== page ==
Galvin HOP Sunday Roast Review

by Nick Harman - Monday February 18, 2019 5:02 pm

Entrance on Bishops Sq, 35 Spital Square, London E1 6DY www.galvinrestaurants.com

It is traditional for Sunday roast to be taken in a pub. And it is traditional for it to be Not Very Good.

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Which is why I only ever go out for a pub Sunday roast to keep rural relatives happy. The plate swimming in watery gravy, the excess of over-steamed vegetables (Cauliflower? Why?), the fatty pork, the stringy beef and the unspeakable chicken. No thanks.‘

They do a great Sunday roast here,’ one relative will always say waving his or her knife about. What they mean is that ‘they’ do a large plateful, which pretty much means the same thing to some people.

Galvin HOP is not a pub, but then it’s not a restaurant per se either. It has a large bar, above which sit giant tanks of lovely unpasteurised Pilsner that gravity feed to the pumps below, the seating is simple and it has to be said a bit hard on the bum.

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Unlike Galvin La Chapelle, which like Business Class on an airplane is separated from the hol poli by just a corridor with an invisible force field across it, it is averagely priced and cheerfully informal.

If you don’t want to spend the bigger bucks on La Chapelle’s Sunday lunch (which, by the way is quite superb, read here), you can save a few quid and eat almost as well in HOP. The kitchens are all under the Galvin’s rigorous quality control, so you are in no danger of being disappointed.

With seats outside on the square and plenty of space inside, it’s not hard to get some space between you and the babies. There are always babies at any Sunday lunch. I don’t mind babies, it’s small children rushing about uncontrolled I dislike.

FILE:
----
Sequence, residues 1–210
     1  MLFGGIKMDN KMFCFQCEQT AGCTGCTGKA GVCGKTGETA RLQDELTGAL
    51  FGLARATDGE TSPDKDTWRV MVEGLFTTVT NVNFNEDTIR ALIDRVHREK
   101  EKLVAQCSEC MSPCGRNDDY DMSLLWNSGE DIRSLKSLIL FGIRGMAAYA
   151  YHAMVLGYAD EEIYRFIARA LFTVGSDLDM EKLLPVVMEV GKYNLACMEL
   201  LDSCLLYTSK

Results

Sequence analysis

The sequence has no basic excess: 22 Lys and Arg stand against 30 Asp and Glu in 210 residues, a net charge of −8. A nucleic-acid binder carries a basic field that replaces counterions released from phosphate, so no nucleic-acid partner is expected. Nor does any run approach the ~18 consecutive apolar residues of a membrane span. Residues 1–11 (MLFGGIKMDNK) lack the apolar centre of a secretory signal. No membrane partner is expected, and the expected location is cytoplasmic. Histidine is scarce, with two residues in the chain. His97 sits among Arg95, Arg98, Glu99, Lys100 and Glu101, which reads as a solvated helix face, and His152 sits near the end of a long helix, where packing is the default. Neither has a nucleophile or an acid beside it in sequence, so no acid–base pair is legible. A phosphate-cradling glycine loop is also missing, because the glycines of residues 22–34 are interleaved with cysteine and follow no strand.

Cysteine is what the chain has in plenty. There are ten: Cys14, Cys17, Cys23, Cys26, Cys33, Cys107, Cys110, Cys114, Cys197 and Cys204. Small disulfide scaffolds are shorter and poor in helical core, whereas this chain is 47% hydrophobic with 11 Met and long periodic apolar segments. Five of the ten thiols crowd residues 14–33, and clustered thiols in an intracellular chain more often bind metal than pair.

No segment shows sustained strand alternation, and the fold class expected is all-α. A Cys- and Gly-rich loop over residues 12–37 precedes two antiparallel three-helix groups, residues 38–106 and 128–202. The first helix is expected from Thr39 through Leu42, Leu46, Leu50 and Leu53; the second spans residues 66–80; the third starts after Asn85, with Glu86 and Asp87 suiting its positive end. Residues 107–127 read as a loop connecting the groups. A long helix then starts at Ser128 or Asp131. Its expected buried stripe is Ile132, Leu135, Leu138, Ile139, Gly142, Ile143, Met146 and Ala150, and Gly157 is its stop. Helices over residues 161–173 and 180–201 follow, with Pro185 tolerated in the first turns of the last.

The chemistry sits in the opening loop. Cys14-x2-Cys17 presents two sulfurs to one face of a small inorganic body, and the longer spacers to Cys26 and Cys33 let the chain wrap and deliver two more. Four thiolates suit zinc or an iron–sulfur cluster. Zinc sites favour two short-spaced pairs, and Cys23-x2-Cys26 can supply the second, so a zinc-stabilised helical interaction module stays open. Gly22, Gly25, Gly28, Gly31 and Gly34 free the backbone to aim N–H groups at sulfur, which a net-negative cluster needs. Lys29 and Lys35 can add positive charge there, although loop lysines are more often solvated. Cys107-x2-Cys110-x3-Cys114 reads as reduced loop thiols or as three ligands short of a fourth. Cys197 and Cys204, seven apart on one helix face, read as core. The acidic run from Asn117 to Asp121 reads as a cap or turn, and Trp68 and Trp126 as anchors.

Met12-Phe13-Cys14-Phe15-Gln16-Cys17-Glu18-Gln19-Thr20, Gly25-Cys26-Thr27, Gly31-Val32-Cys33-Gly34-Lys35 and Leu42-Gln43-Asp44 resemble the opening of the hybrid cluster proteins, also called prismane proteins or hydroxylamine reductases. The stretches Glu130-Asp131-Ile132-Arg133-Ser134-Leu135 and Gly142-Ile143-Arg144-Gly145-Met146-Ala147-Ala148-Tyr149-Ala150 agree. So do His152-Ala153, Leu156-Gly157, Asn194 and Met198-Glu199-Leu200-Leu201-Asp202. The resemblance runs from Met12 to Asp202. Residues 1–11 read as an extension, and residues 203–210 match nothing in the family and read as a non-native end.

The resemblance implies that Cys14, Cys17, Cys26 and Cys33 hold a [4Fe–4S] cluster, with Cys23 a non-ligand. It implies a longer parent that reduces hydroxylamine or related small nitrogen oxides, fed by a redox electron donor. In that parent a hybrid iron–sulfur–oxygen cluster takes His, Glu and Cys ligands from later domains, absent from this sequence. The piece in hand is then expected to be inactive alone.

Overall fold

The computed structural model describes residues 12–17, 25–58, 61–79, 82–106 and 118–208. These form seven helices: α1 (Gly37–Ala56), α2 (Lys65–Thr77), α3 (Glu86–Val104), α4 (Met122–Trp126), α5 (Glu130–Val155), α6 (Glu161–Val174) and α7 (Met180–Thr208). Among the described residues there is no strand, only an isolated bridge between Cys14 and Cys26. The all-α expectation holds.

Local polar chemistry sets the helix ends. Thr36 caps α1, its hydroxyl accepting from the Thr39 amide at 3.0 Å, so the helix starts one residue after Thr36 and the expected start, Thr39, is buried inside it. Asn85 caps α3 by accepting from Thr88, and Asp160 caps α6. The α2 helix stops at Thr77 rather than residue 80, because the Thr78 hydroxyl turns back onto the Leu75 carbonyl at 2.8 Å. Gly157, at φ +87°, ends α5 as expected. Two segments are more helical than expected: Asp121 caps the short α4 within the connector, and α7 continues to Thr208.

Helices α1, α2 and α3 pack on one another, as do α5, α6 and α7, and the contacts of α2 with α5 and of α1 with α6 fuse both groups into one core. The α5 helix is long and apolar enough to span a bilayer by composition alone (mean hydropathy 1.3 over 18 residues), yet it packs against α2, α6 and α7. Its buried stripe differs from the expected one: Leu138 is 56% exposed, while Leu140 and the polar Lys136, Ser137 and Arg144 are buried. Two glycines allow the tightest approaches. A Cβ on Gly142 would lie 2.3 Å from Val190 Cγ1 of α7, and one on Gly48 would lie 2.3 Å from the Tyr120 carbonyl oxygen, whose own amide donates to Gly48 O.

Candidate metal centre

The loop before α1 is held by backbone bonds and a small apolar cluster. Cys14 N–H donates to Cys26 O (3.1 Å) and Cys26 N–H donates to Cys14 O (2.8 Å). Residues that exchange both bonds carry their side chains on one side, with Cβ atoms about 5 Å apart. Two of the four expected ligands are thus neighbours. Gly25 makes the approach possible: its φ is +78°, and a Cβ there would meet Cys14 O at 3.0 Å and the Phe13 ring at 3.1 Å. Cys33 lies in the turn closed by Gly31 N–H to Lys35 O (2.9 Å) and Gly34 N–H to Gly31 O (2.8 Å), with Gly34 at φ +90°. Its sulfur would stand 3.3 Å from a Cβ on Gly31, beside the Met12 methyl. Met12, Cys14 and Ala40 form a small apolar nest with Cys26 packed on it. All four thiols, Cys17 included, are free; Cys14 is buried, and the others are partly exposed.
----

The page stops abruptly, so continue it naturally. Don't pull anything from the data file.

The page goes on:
A simple menu on Sundays, from which we ordered a French onion soup - is there any other kind of onion soup and BBQ mackerel. Plus, a large carafe of what turned out to be a very decent Grenache for £21.

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The soup came, as it should, with a large crouton topped with melted Gruyere bobbing on top. This proved to be a bit of a struggle; impossible to eat in one bite but equally impossible to cut up because it simply sank under the surface when challenged.

So I lifted it onto my side plate, my knife caught my wine glass, and P suddenly got a large measure of Grenache all over her.Staff hurried to the rescue and, because she was wearing a dark shirt, P was not too upset with me. I blamed the cheese.

Crisis over, I could enjoy the soup, the onions were melted down to a viscous sweetness in a stock that was extremely rich. The secret of a good French onion soup is that long, slow sweating down of the onions and here of course it had been done just right. If you want decent French food, an English chef is often your best bet these days.

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P’s fish did a lot to distract her from the wet shirt situation. Crispy skinned mackerel surrounded by a zingy salsa and with the fishiness cut with pink grapefruit and peppery nasturtium leaves. As good as anything ‘next door’.

The main event, the roast arrived. I’m afraid we both went for beef, the fact is we never roast beef at home as it’s best to cook a big piece and there isn’t enough of us usually to make that worthwhile.

Like I say, beef often comes up overdone, stringy, horrible. Not here, instead beautifully cooked beef, rare in the middle, singed on the outside, butter soft. Absolutely perfect.

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With it came carrots that had been cooked with a spice I couldn’t name, but which was very pleasant, squeaky crisp French beans, potatoes that were crispy but a fraction oily on the inside and the only thing I didn’t like - horseradish cream.

This came as a quenelle, but soon melted and leaked cream all over the plate, plus it had hardly any horseradish in it. I like my horseradish to make me gasp out loud.

I noticed a diner on the next table lift her quenelle off to a side plate. Maybe they should rethink that part of the dish.

Mahoosive crispy Yorkshire pud, and just enough full-bodied gravy to float it on, rounded it all off nicely. Best Sunday roast for a long time.

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There had to be pudding of course (you can’t call it dessert on a Sunday, I doubt if even Nigella does that) and it has to be a bit sticky. Just like Nigella.

Tarte tatin for me then, a real cosy grip of deep sweetness, with the apples soft and buttery and the pastry crisp at the edges.

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P’s cheesecake was a visual treat, again very similar to the quality of next door’s desserts and sharp and refreshing too.

Sunday roast at Galvin HOP made me believe in going out for Sunday lunch again.

I won’t ever be able to escape the relatives’ version, unless they move to London, but I’ll try and take them to Galvin Hop sometime to show them what they’re missing.

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